Tuesday, December 3, 2019

The Beatitudes: Introduction

Over the next several weeks, I will be posting a series on the Beatitudes as they are recorded in the Gospel according to Matthew (5:1-12). Here I want to make some general observations about the Beatitudes. They read as follows:

"Seeing the crowds, he went up on the mountain, and when he sat down, his disciples came to him. And he opened his mouth and taught them, saying:
'Blessed are the poor in spirit, for theirs is the kingdom of heaven.
Blessed are those who mourn, for they shall be comforted.
Blessed are the meek, for they shall inherit the earth.
Blessed are those who hunger and thirst for righteousness, for they shall be satisfied.
Blessed are the merciful, for they shall receive mercy.
Blessed are the pure in heart, for they shall see God.
Blessed are the peacemakers, for they shall be called sons of God.
Blessed are those who are persecuted for righteousness' sake, for theirs is the kingdom of heaven. Blessed are you when others revile you and persecute you and utter all kinds of evil against you falsely on my account. Rejoice and be glad, for your reward is great in heaven, for so they persecuted the prophets who were before you.'"
1. The Beatitudes are descriptions of Jesus' disciples. It is the disciples of Jesus who are the primary audience of this teaching: "his disciples came to him." He had begun calling His disciples in chapter 4, telling them to follow Him, and now they begin to learn what it means to follow Jesus. He is not giving principles of generic morality which you can plug in to any religion. He is talking about those who follow Jesus (4:19), who suffer for His name’s sake (5:11), who will be judged by Jesus on the basis of their relationship with Jesus (7:21-27).

2. Jesus says these things on a mountain. We are not sure what mountain this is - it could be a reference to the Galilean hills - but obviously the identity of the mountain is not the point. The point is that Jesus was on a mountain. In this way, He was like Moses at Mount Sinai. Both of them delivered from a mountain the words of the covenant that define our relationship with God. God's covenant includes promises of blessings to covenant-keepers (Deut. 28:1-14), and in the Sermon on the Mount we find this especially in the Beatitudes. The covenant also includes the promise of curses on those who forsake the covenant (Deut. 28:15-68), and we find this especially at the end of the Sermon on the Mount in 7:15-27.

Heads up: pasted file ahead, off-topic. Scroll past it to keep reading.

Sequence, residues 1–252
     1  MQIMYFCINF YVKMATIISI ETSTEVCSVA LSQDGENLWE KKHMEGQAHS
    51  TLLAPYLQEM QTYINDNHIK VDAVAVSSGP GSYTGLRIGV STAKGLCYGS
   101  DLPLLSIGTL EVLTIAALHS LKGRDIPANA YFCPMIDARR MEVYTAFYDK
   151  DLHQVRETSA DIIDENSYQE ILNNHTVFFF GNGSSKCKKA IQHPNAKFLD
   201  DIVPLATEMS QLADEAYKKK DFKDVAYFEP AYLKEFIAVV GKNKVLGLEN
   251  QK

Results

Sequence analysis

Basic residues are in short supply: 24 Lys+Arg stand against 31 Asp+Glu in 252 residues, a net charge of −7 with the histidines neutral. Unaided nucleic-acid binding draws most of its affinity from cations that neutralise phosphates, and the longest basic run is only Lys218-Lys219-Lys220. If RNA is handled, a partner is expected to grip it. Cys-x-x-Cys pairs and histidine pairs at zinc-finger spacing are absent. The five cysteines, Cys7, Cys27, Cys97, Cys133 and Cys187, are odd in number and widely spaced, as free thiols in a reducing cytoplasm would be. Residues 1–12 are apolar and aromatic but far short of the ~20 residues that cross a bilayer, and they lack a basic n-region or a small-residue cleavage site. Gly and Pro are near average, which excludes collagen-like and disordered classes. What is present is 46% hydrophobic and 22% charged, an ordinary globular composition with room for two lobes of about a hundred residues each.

3. This is not a normal description of the good life. The world seeks after the good life and argues about the way it is to be found. Is it found by fulfilling your desires now, enjoying this world to the max? Or is it found by the suppression of your desires, resigning yourself to your fate?

Jesus taught that the blessed life is found, not by following some technique, but by participating in the kingdom of heaven. The blessedness of this kingdom does not come all at once. It does not fulfill your desires, neither does it suppress them, but directs them to an increasing and eternal fulfillment. It is a kingdom of hope. It looks to the blessings that come from the God who is in heaven, blessings which begin now and culminate in the age to come.

And one comes to enjoy this blessedness in an unexpected way - it comes through the hard road of discipleship. To enjoy the blessings of the kingdom, you must repent of your sins and turn to Christ. The Beatitudes are an explanation of Jesus' basic proclamation from the previous chapter: “Repent, for the kingdom of heaven is at hand” (4:17). Each of the initial descriptions (e.g. the poor in spirit, those who mourn, the meek, etc.) are variations on repentance. And as is made clear by the identical reference to the kingdom in the first and last beatitudes, each of the blessings listed in the other beatitudes are variations on what it is to participate in the kingdom of heaven.

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